All these photos are from the year before The Dude was diagnosed with PANDAS. He literally had 7-8 costumes and wore them every day throughout the month of October. He loved Halloween and it made me so happy because I love it too!
Halloween is melancholy for me now for a couple of reasons:
- My first real meltdown about PANDAS happened at his daycare Halloween party in 2012. He had loved Halloween SO much and was SO excited to wear his costume but, when we got the party, he just couldn’t put it on. We stood in the corner for over 30 minutes while he cried and tried to put it on, changed his mind, got upset because he wanted to put it on and cried some more. It was totally traumatic for both of us. It also happened to be his birthday and I remember leaving the party and sitting in the car outside of the daycare just weeping because I was so disappointed for him and frustrated with this stupid condition! He didn’t know why I was crying and, once we got out of there, he was happy but I had had such high hopes for that day and was just devastate that it didn’t go as planned. He loved Halloween and costumes so much and PANDAS had ruined that for him. It still happens today sometimes: I forget that his health may not cooperate with my expectations. It’s so hard when you want something to go so perfectly and PANDAS gets in the way. I have to remember that we just have to do the best we can do and play it by ear.
- Halloween can be tough because, with The Dude’s dietary restrictions, Trick or Treating is kind of a let down. He gathers tons of candy but can’t eat any of it. While today we do a ‘trade out’ program (he gathers as much candy as he can we pay him buy the pound for it,) at 4, 5 and 6, he was too young for that to be meaningful. One sweet memory I have about those Halloweens is this:
I was determined that The Dude would have a ‘normal’ Halloween and be able to enjoy Trick or Treating. So, I created a note for all of the neighbors in our circle (about 30 houses) that said, ‘My son has a medical condition and cannot eat regular candy. We’d love for him to still have a great Halloween so I’ve put together this baggy of ‘special’ candy and goodies for you to give him when he comes to your house. He will be dressed as Anakin Skywalker and his name is Spencer. Thank you so much for making this a special night for my little guy!’ Then, I snuck around in the dark after he went to bed on Halloween Eve putting the notes and baggies in all the neighbors mailboxes. They came out in full force! Every house we went to participated and most said, ‘Hey! Are you Spencer? I have something special for you!’ He thought he had won the lottery and I was so touched by everyone’s participation. At 7, he finally told me I didn’t have to plan the candy anymore and that he would be happy to just have money for his loot…but I still smile when I think about how kind our neighbors were and how happy it made The Dude!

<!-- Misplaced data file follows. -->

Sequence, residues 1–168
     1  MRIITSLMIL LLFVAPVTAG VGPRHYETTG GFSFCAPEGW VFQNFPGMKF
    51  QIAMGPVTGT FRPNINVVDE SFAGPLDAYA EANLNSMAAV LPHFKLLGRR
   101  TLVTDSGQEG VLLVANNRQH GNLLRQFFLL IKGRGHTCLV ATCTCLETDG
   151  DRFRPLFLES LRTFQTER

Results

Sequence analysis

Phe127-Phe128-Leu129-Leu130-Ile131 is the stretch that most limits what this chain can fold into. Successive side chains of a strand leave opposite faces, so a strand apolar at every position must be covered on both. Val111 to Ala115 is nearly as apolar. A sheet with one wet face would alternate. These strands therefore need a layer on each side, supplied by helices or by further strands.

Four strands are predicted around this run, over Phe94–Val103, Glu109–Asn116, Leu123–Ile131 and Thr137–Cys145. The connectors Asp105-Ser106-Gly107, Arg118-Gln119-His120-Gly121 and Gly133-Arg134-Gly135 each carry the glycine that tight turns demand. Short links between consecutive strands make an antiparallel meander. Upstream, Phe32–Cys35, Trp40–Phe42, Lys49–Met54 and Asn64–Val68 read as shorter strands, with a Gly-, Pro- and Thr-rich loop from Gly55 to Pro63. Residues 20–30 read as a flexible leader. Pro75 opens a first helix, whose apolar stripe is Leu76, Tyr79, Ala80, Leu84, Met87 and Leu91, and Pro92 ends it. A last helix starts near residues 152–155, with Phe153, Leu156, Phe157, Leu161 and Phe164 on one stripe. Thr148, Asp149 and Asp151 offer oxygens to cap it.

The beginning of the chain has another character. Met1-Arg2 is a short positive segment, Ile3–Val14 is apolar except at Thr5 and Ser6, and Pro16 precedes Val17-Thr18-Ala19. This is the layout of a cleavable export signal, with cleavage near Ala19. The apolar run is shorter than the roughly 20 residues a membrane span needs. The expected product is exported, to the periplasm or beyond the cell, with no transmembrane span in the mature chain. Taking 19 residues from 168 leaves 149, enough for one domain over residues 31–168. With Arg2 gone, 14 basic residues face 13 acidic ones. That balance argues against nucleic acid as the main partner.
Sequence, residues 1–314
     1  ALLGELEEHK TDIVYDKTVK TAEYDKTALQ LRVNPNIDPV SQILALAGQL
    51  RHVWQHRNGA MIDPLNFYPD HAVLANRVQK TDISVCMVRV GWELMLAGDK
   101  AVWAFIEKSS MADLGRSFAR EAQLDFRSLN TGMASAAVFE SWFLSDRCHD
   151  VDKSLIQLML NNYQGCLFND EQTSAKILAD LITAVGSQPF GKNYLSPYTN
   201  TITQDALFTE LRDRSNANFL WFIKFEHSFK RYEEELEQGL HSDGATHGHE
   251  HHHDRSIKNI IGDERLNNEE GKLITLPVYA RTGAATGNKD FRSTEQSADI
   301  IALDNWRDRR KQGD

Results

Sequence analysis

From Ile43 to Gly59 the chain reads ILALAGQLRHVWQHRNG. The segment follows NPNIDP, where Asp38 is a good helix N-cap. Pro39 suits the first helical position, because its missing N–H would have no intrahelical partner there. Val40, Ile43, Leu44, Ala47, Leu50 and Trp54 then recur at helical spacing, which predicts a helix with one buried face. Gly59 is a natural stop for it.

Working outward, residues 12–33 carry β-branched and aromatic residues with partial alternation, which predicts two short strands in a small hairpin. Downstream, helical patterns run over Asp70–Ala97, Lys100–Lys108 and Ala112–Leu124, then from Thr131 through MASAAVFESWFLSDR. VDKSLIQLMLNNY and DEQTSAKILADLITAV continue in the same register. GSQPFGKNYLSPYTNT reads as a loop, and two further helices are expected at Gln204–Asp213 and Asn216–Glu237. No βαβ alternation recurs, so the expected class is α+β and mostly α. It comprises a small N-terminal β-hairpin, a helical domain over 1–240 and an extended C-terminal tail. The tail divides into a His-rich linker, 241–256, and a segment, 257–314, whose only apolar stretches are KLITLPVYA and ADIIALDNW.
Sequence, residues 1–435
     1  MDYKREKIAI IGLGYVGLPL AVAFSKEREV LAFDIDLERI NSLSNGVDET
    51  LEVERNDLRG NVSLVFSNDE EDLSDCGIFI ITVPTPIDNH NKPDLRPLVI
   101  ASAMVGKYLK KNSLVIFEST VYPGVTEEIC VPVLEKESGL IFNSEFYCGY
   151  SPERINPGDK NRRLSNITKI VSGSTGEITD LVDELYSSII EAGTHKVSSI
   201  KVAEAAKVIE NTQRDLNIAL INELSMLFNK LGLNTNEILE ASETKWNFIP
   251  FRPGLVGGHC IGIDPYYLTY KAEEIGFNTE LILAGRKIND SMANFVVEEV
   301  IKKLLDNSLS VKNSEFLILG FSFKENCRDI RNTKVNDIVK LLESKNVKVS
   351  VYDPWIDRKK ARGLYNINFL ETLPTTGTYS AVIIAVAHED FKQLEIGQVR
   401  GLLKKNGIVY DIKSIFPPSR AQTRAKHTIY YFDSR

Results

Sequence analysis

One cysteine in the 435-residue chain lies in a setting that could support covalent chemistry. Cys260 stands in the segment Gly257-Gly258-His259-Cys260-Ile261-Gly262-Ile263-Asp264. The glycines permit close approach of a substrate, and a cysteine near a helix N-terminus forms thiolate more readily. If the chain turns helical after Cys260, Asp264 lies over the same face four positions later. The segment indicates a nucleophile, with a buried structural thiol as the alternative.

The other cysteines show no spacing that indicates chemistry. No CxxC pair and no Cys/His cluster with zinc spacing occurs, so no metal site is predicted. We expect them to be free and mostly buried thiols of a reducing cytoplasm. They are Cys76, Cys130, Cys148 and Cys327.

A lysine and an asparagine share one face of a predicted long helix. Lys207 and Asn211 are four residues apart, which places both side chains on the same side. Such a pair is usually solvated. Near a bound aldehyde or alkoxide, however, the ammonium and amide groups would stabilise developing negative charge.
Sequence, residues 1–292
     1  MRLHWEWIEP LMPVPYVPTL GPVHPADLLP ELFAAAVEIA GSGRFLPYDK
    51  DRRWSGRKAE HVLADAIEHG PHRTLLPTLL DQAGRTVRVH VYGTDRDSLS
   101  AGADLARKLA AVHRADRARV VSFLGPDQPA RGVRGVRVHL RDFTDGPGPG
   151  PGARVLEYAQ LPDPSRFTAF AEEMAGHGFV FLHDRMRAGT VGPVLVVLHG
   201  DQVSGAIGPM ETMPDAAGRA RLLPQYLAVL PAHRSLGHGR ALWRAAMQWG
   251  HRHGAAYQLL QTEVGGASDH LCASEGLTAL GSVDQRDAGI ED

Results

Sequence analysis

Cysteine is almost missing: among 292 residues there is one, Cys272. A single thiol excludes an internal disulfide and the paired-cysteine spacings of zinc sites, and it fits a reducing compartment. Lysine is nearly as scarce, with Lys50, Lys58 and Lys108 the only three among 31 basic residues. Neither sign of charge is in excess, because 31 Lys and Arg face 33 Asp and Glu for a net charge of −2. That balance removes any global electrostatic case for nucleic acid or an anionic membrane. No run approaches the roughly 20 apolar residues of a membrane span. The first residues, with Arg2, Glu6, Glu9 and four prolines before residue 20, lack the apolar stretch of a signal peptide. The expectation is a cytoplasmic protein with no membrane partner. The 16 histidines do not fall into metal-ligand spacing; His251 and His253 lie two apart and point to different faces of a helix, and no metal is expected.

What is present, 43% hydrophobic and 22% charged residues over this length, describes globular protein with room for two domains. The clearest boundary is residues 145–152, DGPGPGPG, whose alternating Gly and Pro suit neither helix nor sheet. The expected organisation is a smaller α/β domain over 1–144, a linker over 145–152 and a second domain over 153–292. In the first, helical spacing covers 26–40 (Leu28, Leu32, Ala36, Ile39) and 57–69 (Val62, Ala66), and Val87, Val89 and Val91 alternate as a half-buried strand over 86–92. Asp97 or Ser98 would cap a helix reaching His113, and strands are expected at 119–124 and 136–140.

This year, it’s taken the purchase of 3 costumes to find one that he will actually wear. That’s pretty typical these days. Not only does PANDAS make him sensitive to particular clothing (and costumes are not usually the most well-made, comfortable garments,) his OCD also makes him very sensitive to the idea that people will notice him. It hasn’t occurred to him yet that, if all 520 kids in his school are wearing costumes, no one is going to notice him in particular! His buddies are coming over tomorrow night to raid the neighborhood…I still enjoy seeing him get excited about going door-to-door with his friends!
Happy Halloween everybody!